The Dunwich of the present day is what remains of what was one of the most important ports of Europe in the Middle Ages. There were more than fifty churches, monasteries and convents, and hospitals here; there were shipyards and fortifications and a fisheries and merchant fleet of eighty vessels; and there were dozens of windmills … The parish churches of St James, St Leonard, St Martin, St Bartholomew, St Michael, St Patrick, St Mary, St John, St Peter, St Nicholas and St Felix, one after the other, toppled down the steadily-receding cliff-face and sank in the depths, along with the earth and stone of which the town had been built. All that survived, strange to say, were the walled well-shafts, which, for centuries, freed of what had once enclosed them, rose aloft like the chimney stacks of some subterranean smithy, as various chronicles report, until in due course these symbols of the vanished town also fell down.

Thinking about Dunwich and nautical archaeology made me read again about the project to use 3D seismic data to map the North Sea Palaeolandscapes — lands of hunter-gatherer communities, lost as water levels changed over 8000 years ago:

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Professor Vince Gaffney:

It's like finding another country. … At times this change would have been insidious and slow — but at times, it could have been terrifyingly fast. It would have been very traumatic for these people. … It would be a mistake to think that these people were unsophisticated or without culture. … they would have had names for the rivers and hills and spiritual associations - it would have been a catastrophic loss. … In 10,000 BC, hunter-gatherers were living on the land in the middle of the North Sea. By 6,000 BC, Britain was an island. The area we have mapped was wiped out in the space of 4,000 years. BBC News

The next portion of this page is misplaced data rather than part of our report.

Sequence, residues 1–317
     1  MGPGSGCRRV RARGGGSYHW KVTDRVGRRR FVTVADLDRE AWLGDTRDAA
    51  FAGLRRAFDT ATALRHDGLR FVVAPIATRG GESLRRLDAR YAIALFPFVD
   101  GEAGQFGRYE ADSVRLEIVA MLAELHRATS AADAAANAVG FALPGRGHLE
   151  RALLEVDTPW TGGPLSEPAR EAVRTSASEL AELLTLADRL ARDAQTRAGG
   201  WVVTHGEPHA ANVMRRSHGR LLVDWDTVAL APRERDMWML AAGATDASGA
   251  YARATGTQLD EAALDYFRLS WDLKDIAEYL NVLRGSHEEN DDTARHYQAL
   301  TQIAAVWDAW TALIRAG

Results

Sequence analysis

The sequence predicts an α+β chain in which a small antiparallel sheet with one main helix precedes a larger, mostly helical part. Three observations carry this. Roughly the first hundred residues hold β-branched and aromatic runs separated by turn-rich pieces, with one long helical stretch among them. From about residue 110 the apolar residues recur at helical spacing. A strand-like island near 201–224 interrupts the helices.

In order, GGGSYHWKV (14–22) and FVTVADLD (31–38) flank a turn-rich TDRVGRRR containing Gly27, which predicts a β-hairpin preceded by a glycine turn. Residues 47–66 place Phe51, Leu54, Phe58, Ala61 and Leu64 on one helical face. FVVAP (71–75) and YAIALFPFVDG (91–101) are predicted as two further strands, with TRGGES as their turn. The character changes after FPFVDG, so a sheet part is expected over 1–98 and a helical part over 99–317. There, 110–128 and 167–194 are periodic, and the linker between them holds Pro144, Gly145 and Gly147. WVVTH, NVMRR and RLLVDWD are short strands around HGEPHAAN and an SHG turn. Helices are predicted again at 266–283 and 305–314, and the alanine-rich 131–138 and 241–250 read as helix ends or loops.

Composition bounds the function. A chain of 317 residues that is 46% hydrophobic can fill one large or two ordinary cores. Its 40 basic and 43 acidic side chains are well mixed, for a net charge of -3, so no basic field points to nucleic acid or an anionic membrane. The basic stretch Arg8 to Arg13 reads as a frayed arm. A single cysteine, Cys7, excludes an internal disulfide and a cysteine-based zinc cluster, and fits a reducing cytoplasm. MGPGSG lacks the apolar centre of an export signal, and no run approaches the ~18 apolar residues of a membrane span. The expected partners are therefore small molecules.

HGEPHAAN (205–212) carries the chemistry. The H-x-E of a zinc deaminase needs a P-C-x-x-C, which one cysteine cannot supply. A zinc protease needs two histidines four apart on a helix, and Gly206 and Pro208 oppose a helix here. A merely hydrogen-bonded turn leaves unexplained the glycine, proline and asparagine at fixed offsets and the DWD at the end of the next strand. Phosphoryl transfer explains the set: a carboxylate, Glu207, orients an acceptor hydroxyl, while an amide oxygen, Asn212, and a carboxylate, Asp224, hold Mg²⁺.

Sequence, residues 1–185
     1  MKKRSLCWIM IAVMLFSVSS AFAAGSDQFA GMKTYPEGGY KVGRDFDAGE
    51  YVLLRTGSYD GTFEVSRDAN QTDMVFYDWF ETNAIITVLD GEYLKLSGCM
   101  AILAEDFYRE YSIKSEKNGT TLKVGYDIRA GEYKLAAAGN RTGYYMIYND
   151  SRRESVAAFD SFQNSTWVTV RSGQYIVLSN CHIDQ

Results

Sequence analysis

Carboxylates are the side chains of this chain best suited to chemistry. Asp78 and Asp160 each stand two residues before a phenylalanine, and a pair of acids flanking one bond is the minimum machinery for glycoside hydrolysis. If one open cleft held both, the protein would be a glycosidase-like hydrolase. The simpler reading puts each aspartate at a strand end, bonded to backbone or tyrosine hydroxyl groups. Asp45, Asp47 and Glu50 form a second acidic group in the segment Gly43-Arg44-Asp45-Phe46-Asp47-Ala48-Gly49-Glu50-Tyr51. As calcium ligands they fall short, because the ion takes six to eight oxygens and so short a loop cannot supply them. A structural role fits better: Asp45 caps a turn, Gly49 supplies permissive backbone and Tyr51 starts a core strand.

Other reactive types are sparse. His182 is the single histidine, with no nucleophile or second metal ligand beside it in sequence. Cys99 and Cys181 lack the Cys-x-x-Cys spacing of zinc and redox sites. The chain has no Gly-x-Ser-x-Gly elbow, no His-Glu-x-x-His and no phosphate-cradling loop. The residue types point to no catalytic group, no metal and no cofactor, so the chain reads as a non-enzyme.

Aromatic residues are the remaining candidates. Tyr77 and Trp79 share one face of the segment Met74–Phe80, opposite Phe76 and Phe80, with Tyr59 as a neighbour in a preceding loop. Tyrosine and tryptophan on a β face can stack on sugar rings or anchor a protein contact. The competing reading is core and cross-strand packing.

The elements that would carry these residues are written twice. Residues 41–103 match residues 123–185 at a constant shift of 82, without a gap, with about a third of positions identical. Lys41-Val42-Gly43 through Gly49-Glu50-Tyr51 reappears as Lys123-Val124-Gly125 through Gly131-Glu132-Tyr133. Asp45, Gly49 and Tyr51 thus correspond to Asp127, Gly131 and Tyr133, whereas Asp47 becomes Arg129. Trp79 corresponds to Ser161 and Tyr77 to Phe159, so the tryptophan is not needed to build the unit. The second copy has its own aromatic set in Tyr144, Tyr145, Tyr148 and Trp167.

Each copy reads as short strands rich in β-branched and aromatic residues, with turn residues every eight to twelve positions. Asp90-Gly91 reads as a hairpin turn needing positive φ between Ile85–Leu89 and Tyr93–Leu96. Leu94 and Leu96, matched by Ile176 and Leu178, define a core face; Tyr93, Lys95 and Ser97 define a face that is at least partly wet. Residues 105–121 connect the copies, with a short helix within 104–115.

From the project’s introduction:

The British continental shelf contains one of the most detailed and comprehensive records of the Late Quaternary and Holocene landscapes in Europe. This landscape is unique in that it was extensively populated by humans but was rapidly inundated during the Mesolithic as a consequence of rising sea levels as a result of rapid climate change. Previous researchers have recognised the rapid inundation may have preserved topographic features and caches of environmental data of high quality which may be used to provide insights into Holocene landscapes which, if located and sampled, may be unparalleled by terrestrial sites. Knowledge of the development of this landscape is also critical to our understanding of the impact of climate change on palaeobathymetry and shoreline sequences. It is clear that the exploitation of the Southern North Sea for energy and mineral resources, most notably aggregate extraction, remains a strategic goal for the UK and without adequate data this remarkable landscape is under significant threat from development. Furthermore, given that this landscape suffered changes comparable with those predicted for the British shoreline over the next century, the value in providing comparative data for the future impact of global warming seems clear.